The Evolution of the Tesla Model X From 2016-2019

The Tesla Model X might have a luxury sportscar price tag now, but it wasn’t always that way. 
Written by Andrew Koole
Reviewed by Kathleen Flear
Jun 30, 2022
When Tesla introduced the Model X, the three-row EV was a game-changer. The first
electric vehicle
on the market that could be described as an SUV, it offered an amount of power usually reserved for supercars.
Since then, Tesla has continued to update its falcon-wing-doored people carrier each year. Jerry, your car insurance
super app
, took a closer look at the first four model years of the Model X to give you an idea of how it has evolved.

2016: The Model X joins the Tesla family

Tesla has been at the forefront of electric transportation since it came on the scene in the late ‘00s. The California-based brand’s first model, the
Roadster
, shocked the industry with its capability to keep up with some of the best cars on the market without a drop of gasoline.
But it was the Model S that really changed everything. With a maximum range of over 250 miles and a starting price of $75,200, it made reliable electric powertrains a feasible reality for millions—back in 2012.
When the Model X came on the scene in 2016, Tesla gave it the same capabilities as the Model S, but with an interior that could comfortably seat five adults and two children. And to avoid any “electric minivan” labels, the Model X was fitted with Delorean-like Falcon Wing doors.

Over-the-air updates to the Tesla Model X 2017-2018

The first Model X came in three trims. The 75D started at $81,200 and featured a smaller battery pack that offered a 238-mile range. Upgrading to the 90D gave you access to a range of 257 miles, while the P90D boosted available power and speed. 
Tesla added a third trim—the 100D—in 2017. It featured a new, larger battery that could rely on a single charge for up to 295 miles, an unheard-of figure at the time. The top trim also got the new battery pack, but increased performance dropped the range to a still-impressive 289 miles.
In 2018, trim numbers went back down to three, with Tesla retiring the mid-level 90 kWh lithium-ion battery. Other than that, the only things that changed for the Model X were the number of cameras for Autopilot and its starting price. That went up by $4,500.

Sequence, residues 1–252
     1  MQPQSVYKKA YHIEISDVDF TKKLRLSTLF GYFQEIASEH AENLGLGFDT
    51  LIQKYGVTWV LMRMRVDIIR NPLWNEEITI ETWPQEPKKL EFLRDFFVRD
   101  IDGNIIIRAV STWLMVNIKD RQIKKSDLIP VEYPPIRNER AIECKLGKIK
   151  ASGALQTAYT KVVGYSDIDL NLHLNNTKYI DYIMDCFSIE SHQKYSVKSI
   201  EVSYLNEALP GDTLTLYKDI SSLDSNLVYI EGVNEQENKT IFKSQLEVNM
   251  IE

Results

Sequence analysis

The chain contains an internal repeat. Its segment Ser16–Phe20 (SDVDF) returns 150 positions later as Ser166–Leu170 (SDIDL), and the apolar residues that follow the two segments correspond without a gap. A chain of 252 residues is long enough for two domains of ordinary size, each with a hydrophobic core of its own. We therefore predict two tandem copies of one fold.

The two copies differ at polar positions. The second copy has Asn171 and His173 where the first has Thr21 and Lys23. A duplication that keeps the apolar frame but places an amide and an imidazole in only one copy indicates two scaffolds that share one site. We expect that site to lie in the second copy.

2019 Tesla Model X: Trims dropped, range increases

The 75D, 100D, and P100D labels were discarded in 2019, along with the smaller battery option. Software updates to the 100 kWh battery bumped the electric crossover’s possible range to 325 miles. 
That means the base Model X had a longer-lasting battery than most EVs in 2022. And to top it all off, Tesla dropped the starting price to $82,200. Upgrades could still bring that number past the six-figure marker, but the availability of that base model was a win for many.
Among those possible upgrades was the now infamous Autopilot. Driver-assist hardware was already part of the Model X from the beginning. 
But
InsideEVs
says Tesla launched a new internal computer in March 2019 that made the Autopilot and Full Self-Driving capabilities we know today possible. 

Owning a Model X today

In the last four years, the Tesla Model X has changed a surprising amount, but the most notable difference between a 2022 Model X and a 2019 Model X is the price. 
With only two trim options, the crossover now costs no less than $122,440. That $40,000 hike prices out plenty of families. It also shows in the average rates for
car insurance
. Coverage for a 2022 Model X averages out at just under $3,500 a year.
But if the six-figure starting price doesn’t scare you off, you can save on car insurance by shopping with
Jerry
. A licensed broker that offers end-to-end support, the Jerry app gathers affordable quotes, helps you switch plans, and can even help you cancel your old policy. 
Jerry customers save an average of $887 a year on car insurance!
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Nationwide
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Travelers
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